-Cross individual w/ unknown genotype (ex B_) w/ a homozygous recessive (bb)

    -phenotype ratios among offspring are different, depending on genotype of unknown parent 
  41. Dominant heterozygote (Aa) displays what??
    displays the dominant phenotype
  42. Recessive phenotype expressed when _____ copies (aa) are present 
    2 copies aa are present
  43. Dominant doe not imply _____ or more common than a recessive 
    Dominant does not imply normal or more common than a recessive
  44. Wild-type traits (those prevailing in nature) are _______??
    not necessarily specifies by dominant alleles
  45. Monogenic
    Many inherited disorders in humans are controlled y one gene
  46. Monogenic inherited human disorders ='s 
    monohybrid
  47. Recessive inheritance need what??
    • -2 recessive alleles are needed to show disease
    • -Heterozygous parents
    • -probability of inheritance increases w/ inbreeding, mating btw close relatives
  48. Dominant inheritance requires what???
    • -One dominant allele is needed to show disease
    • -Dominant lethal alleles are usually eliminated from the population
  49. What is controlled by a single gene locus??
    Over 10,000 monogenic human genetic disorders, dominat or recessive traits
  50. What is the majority trait in inherited human disorders??
    Majority are recessive
  51. What is the Range in severity in inherited human disorders??
    relatively harmless conditions (free/attached earlobe) to severe (HD, CF, hemophillia etc)
  52. Most people w. recessive disorders are born to ______ heterozygous parents (carriers)
    are born to normal heterozygous parents
  53. What kind of disorder is Cystic Fibrosis??
    • -A Recessive Disorder
    • -Most common lethal genetic disease in US
  54. What is Cystic Fibosis characterized by??
    an excessive secretion of very thick mucus from lungs, pancreas, and other organs
  55. What is the risk of CF in caucasion population when allele carred by 1 in 25 caucasions w/ a chance that 2 caucasian carriers marry??
    1/25* 1/25 = 1/625
  56. What is the risk of CF in caucasion population when allele carred by 1 in 25 caucasions w/ a chance that 2 carriers will be homozygous recessive???
    Cc * Cc ='s 1/4
  57. What kind of disorder is Achondroplasia??
    a form of dwarfism and Dominant Disorder

    -only heterozygotes display phenotype

    -homozygous dominant genotype is embryonic lethal
  58. Why are Dominant lethal alleles rarer than recessive lethal alleles??
    • -Recessive alleles have normal heterozygote carriers
    • -Dominant alleles cannot be carried by heterozygotes w/o affecting them
    • -Many lethal dominant alleles result from mutations in a sperm or egg that kill embryo
  59. Mendel's model of inheritance assumes that ....??
    • -each character is controlled by a single gene
    • -each gene has only 2 alleles
    • -there is a clear dominant-recessive relationship btw the alleles

    Most genes do not meet these criteria
  60. Incomplete Dominance
    heterozygous phenotype is intermediate to homozygous phenotypes
  61. Hypercholesterolemia
    incomplete dominance in humans

    • -dangerously high levels of blood cholesterol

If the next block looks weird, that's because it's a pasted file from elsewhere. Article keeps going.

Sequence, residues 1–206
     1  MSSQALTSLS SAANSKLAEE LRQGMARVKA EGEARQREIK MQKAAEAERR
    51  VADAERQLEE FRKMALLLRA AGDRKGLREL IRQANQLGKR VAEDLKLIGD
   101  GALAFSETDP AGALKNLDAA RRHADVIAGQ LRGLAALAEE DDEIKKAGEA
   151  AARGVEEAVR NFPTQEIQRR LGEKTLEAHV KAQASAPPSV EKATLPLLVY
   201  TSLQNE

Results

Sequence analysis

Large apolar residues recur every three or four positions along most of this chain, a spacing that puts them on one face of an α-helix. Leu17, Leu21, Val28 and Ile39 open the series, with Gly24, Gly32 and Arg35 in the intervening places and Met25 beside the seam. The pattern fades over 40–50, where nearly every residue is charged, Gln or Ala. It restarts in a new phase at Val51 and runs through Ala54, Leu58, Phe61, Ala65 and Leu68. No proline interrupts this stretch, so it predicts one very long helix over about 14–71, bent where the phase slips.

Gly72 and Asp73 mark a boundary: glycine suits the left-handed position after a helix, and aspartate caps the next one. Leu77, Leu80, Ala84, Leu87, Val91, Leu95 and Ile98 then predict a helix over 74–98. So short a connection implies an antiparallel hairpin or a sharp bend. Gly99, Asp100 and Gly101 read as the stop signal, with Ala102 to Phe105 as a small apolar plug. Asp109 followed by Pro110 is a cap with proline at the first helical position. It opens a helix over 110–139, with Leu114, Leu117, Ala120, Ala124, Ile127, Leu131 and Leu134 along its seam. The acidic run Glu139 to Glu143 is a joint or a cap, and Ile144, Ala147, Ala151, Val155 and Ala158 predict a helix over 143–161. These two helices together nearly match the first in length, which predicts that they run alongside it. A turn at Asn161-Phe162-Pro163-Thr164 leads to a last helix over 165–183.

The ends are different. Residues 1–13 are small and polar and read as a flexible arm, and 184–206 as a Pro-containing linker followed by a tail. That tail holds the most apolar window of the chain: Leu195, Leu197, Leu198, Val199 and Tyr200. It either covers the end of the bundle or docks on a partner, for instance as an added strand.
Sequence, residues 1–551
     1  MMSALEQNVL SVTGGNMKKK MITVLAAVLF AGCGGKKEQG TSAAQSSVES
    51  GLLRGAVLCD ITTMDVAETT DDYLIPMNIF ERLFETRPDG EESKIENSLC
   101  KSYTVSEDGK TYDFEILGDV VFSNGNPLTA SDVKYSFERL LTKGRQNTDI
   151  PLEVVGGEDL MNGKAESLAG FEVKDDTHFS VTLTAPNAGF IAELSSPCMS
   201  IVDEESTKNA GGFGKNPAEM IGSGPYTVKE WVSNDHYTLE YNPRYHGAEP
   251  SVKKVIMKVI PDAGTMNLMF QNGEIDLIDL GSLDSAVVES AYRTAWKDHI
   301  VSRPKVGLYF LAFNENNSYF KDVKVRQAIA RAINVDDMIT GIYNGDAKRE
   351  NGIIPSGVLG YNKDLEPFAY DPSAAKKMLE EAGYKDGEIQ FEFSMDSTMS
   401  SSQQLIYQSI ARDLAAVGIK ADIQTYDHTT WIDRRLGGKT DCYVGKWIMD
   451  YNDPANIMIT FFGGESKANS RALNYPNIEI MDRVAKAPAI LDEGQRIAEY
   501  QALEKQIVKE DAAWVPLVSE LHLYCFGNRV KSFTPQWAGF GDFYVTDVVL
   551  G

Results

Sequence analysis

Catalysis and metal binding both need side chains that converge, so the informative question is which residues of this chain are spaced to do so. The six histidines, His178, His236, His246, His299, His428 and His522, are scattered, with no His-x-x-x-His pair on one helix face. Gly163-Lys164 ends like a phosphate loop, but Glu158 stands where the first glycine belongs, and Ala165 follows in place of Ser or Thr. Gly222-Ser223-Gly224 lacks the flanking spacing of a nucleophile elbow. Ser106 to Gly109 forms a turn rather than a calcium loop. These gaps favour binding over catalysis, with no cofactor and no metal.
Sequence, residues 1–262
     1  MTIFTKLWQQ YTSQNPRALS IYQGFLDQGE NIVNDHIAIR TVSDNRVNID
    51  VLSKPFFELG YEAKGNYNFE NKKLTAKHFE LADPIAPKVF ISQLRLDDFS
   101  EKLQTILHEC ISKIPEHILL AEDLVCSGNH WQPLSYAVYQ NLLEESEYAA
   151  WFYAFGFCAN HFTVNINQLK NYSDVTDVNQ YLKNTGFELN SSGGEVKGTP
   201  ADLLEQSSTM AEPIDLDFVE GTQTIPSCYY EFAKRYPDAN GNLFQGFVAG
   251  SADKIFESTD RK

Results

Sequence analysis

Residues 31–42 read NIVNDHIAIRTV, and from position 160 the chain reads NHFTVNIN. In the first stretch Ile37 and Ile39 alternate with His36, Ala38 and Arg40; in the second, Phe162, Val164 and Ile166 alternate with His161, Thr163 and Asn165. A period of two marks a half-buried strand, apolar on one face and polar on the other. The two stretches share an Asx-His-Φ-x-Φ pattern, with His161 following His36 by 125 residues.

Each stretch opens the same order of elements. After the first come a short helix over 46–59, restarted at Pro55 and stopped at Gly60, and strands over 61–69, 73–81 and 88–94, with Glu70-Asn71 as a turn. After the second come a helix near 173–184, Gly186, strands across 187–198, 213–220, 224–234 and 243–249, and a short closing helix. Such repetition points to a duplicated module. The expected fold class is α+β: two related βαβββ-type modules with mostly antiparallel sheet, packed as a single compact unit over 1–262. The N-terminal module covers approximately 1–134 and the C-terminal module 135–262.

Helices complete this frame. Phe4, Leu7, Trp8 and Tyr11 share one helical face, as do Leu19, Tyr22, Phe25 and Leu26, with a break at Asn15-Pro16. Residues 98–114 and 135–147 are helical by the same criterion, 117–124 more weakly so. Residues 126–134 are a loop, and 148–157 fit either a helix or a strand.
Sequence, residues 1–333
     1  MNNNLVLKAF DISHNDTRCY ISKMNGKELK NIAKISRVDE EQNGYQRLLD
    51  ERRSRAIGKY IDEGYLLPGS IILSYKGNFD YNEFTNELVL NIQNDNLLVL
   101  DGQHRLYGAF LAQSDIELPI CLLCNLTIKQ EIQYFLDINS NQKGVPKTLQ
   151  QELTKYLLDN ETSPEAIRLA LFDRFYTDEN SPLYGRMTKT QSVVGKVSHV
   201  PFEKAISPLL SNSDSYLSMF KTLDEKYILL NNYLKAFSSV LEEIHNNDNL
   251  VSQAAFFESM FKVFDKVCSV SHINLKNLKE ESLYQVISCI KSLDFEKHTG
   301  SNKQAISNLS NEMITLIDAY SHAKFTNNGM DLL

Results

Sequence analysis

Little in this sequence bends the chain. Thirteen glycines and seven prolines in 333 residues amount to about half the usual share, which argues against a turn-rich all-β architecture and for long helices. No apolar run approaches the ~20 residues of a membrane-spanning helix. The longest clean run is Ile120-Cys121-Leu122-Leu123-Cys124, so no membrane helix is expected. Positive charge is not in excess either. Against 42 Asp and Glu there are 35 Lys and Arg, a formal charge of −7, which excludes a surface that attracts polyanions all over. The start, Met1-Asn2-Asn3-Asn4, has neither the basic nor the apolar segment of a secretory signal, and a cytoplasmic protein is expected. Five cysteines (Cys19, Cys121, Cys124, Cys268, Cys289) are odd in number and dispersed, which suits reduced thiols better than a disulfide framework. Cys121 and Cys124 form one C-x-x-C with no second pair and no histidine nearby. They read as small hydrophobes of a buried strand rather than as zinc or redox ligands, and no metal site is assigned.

• -heterozygotes have blood cholesterol levels about twice normal
    • -homozygotes have blood cholesterol levels about five times normal
  62. Codominance
    neither allele is dominant to the other, both are expressed if present

    heterozygote shows some aspect of phenotypes of both homozygotes
  63. Incomplet dominance
    heterozygote is intermediate in phenotype btw 2 homozygotes
  64. Multiple Alleles
    may br more than 2 alleles for a gene in a population (ABO blood types)

    Each individual can only have 2 alleles

    For any given gene, usually more than two alleles exist
  65. Quantitative Genetics
    When genes and enviornment interact

    • Continuous variation
    • Heritability
  66. Continuous variation
    variation due to both genetic and environmental difference 

    • Large range of phenotypes
    • Ex. height, weight, intelligence, cancer susceptibility
  67. Heritability
    proportion of the variation w/in a population due to genetic differnce among individuals
  68. Mean
    average: sum of all phenotypic values divided by number of individuals
  69. Polygenic Inheritance
    occurs when multiple genes are responsible for controlling phenotype

    Phenotype is accumulation of contributions by multiple genes

    Characters show continuous variation (quantitative)


    multiple genes turn into a single character (skin color)
  70. Pleiotrophy
    impact of a single gene on more than one character, symptoms

    Sickle cell disease exhibits pleiotrophy
  71. What are the characterisrics to get Sickle cell disease
    Heterozygotes are normal carriers (recessive traits)

    Causes disk-shaped rbcs to deform into a sickle shape w/ jagged edges
  72. Who are carriers of the sickle cell trait??
    heterozygotes (Ss): usually healthy, can experience pleiotropic effects in low O2
  73. what is the difference btw Pletotrophy and Polygenic inheritance??
    Pleiotrophy uses a Single gene to produce multiple characters

    Polygenic inheritance uses multiple genes to produce a single character (skin color)
  74. Pleiotrophy refers to an allele which has ...??
    more than one effect on the phenotype
  75. Pleiotrophic effects are difficult to predict b/c???
    because a gene that affects one trait often performs other, unknown function

    • This can be seen in human diseases such as CF or sickle cell anemia
    •      -multiple symptoms can be traced back to one defective allele
  76. Epistatis
    interaction btw genes at two or more loci (phenotype differs from expected if the loci were expressed independently)

    •     -R.A. Emerson crossed 2 white varieties of  corn
    •           -F1 was all purple
    •           -F2 was 9 purple : 7 white